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Cover Story : First Dates, Sans Coupons

Bank of America's BankAmeriDeals retains customers and their trust

February 2014 By Heather Fletcher
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Jason Blackhurst wants every BankAmeriDeals experience to feel as good as a first date.

That's the premise behind one of Bank of America's (BofA) latest offerings to its customers, says Blackhurst, the bank's SVP and e-commerce product executive. BankAmeriDeals uses data in bank customers' accounts to find out what they buy, then partners with merchants to offer them deals on products and services—much like loyalty programs, but directly linked to their bank debit cards.

During the past two years, BofA has served 1.5 billion offers to its 30 million online and 14 million mobile banking customers. Blackhurst believes the Charlotte, N.C.-based bank has seen enhanced retention and engagement because BankAmeriDeals has helped customers save more than $20 million dollars since the program began in 2012. Indeed, BofA's retained 30 million online banking customers since January 2012, and the number of mobile bankers increased by 4 million since May 2012.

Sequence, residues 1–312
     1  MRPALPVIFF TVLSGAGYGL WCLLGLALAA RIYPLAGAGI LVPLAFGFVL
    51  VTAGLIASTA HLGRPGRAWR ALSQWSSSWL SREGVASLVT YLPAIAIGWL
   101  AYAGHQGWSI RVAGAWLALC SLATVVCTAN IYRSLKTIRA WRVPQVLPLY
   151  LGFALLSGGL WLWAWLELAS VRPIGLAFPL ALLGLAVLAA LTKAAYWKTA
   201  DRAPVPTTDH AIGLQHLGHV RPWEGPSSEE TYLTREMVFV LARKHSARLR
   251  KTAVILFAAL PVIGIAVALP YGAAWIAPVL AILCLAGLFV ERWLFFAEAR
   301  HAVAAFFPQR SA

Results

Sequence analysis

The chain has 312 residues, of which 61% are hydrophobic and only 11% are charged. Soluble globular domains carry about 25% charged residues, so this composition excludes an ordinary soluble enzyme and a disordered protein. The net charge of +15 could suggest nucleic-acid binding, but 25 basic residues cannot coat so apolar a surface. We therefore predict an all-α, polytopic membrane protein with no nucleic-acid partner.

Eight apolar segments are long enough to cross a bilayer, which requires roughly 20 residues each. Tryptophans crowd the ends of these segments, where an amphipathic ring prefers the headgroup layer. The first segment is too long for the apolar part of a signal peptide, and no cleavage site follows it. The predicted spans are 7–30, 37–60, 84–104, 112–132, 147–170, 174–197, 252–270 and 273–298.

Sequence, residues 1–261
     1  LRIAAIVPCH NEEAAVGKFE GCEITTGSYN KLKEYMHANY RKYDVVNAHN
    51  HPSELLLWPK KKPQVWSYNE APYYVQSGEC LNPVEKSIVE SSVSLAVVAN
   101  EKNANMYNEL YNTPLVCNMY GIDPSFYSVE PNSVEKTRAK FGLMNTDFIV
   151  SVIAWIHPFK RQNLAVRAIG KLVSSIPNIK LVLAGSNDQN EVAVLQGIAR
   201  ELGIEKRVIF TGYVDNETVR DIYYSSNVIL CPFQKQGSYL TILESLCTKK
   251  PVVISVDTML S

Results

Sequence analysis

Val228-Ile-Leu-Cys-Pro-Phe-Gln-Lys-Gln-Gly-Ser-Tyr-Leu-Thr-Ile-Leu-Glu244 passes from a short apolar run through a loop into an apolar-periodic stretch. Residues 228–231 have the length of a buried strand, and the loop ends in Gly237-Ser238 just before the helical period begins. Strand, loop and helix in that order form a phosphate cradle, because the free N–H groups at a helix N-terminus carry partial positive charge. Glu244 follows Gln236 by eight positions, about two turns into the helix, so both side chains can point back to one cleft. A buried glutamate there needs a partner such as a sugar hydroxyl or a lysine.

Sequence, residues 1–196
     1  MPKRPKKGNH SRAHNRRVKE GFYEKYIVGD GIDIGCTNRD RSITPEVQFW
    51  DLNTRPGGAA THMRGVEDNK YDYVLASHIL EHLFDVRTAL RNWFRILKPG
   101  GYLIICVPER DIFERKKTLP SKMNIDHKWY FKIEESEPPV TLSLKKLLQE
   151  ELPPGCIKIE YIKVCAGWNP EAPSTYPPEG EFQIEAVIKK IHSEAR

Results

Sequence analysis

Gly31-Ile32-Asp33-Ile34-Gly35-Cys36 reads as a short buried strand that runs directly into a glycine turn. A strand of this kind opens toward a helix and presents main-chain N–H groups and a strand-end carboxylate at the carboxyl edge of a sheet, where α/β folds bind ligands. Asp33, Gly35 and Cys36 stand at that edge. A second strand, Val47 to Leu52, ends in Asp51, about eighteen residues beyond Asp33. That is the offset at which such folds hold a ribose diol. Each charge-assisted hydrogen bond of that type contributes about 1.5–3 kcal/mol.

"We actually believe one of the compelling points of BankAmeriDeals is what we call the 'first date' phenomenon, which we talk about publicly, is that nobody knows you're using a BankAmeriDeal," Blackhurst says. "When you use it at a restaurant or you use it at a store, the only person who knows you used that offer is really you and Bank of America in data that we get from the transaction. The merchant doesn't know you, as an individual, used that offer." Therefore, he explains, unlike Groupon or social media marketing deals, which require the user to show a piece of paper or smartphone screen with the coupon so it can be scanned, nobody can tell the customer is using a BankAmeriDeal. And, "on your first date, you probably don't want to be ripping out coupons, because it might be your last date."

How They Met
"The idea came up, really, in 2009," Blackhurst says. "We understood that the customer was going to be engaged in a different way in the future—i.e., where 'payments' is going and how mobile was going to change the paradigm of it."

At the time, group deal sites were all the rage. While popular, those discount programs were going to age badly, he knew.

"We thought it was the wrong model," Blackhurst says, "because it was obtrusive, not a real targeted-type event, and we were already seeing [that], just in our own personal lives, … Groupon rapidly became just another version of spam for most of us. And so what we knew at that point was, if we wanted to engage our customers, we needed to build something that was specific to our customers and not just sending out non-stop pedicure, manicure-type things to people like me, who've never in their lives been to a pedicure or a manicure establishment. So it became really, really important to us that getting relevant offers to the right people for the things they want to go shopping and buy was the real driver for us."


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